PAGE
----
Countering the Abuse of Power
Hans Hoppe has delivered a wonderful essay and lecture, The Idea of a Private Law Society: The Case of Karl Ludwig von Haller. Who is von Haller?
Karl Ludwig von Haller (1 August 1768 – 20 May 1854) was a Swiss jurist, statesman and political philosopher. He was the author of Restauration der Staatswissenschaft (Restoration of Political Science, 1816–1834), a book which gave its namesake to the Restoration period after the Congress of Vienna, and which Georg Wilhelm Friedrich Hegel strongly criticized in §258 of Elements of the Philosophy of Right.
Von Haller’s work, which was burnt during the Wartburg Festival, was a highly systematic defense both of the principles of dynastic legitimacy and monarchy founded on territorial lordship, as well as of pre-modern republics like those of the Swiss city-states, and the most consistent rejection of modern political ideas of the social contract, public law, and state sovereignty.
His books burned because he rejected the social contract, public law and state sovereignty. Already sounds like a great guy.
In [Restauration der Staatswissenschaft] he uncompromisingly rejected the revolutionary conception of the State, and developed a natural and juridical system of government, arguing at the same time that a commonwealth can endure and prosper without being founded on the omnipotence of the state and official bureaucracy.
Sounds almost Hoppean. Unfortunately, it seems the book is only available in German; and this, among countless other reasons, is why we have been blessed to have Hoppe in our number. And, as I could never do justice to depths of Hoppe’s examination of the work, I will only focus on one specific point raised by Hoppe:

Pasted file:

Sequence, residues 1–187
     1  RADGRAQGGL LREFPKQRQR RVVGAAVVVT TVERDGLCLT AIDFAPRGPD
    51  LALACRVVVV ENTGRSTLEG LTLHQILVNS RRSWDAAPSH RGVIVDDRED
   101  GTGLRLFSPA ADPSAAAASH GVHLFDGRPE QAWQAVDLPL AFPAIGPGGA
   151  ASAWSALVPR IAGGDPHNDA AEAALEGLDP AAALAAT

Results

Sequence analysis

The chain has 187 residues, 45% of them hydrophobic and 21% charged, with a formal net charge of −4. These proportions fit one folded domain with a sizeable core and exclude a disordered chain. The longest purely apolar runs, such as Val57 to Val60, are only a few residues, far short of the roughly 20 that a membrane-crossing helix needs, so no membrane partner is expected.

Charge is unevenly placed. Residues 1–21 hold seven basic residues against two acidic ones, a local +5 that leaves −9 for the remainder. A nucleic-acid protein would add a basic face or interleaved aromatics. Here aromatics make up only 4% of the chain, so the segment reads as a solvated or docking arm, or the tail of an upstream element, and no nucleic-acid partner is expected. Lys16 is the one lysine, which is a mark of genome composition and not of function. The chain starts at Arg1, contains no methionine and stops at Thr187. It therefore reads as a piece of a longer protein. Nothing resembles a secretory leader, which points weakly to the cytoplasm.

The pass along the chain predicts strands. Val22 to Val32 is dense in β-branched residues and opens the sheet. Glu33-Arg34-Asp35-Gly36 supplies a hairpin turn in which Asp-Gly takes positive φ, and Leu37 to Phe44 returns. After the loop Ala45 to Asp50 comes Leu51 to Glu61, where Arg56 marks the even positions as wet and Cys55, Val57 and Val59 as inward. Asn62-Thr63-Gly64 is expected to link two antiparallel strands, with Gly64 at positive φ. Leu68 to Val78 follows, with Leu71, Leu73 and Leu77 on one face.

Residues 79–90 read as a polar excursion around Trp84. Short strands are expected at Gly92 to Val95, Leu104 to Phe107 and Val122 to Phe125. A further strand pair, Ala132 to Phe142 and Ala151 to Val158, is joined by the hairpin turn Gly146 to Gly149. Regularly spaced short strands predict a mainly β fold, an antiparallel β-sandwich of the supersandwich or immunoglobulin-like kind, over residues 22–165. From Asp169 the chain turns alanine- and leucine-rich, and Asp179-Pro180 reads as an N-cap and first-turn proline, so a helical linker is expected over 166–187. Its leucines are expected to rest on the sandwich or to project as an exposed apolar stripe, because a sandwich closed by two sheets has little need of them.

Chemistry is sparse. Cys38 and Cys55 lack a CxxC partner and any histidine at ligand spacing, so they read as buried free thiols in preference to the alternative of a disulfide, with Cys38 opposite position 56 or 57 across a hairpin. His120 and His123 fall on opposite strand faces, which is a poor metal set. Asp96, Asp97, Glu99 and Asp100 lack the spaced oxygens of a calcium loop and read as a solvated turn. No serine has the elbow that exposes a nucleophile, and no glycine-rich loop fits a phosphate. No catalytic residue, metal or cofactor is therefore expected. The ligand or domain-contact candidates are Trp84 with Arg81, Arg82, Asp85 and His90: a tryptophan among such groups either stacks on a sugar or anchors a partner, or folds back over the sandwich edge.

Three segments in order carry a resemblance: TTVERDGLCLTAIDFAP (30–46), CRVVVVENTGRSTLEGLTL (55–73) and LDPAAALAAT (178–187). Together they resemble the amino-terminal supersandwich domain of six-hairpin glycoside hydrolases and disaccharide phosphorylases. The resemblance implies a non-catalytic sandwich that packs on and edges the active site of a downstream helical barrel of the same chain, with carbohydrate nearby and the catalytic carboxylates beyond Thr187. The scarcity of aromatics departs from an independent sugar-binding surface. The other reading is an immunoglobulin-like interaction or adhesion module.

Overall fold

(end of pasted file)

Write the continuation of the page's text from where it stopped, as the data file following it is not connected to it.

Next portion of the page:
The stability of every society, i.e., the peaceful, tranquil and convivial association of men, is always threatened from two sides. On the one hand by the envy of the have-nots vis-a-vis the haves, and on the other hand by the abuse of power by the powerful.
We know very well the envy of the have-nots. Envy, worse than jealousy, wants to destroy. One can use the term “envy” to describe all of Critical Theory, the process of tearing down with nothing offered as replacement. It is destruction solely for the sake of destruction – seeing something or someone better, with more (wealth, happiness, stability, generosity, whatever) as nothing more than a target to destroy. Taking traditional western cultur
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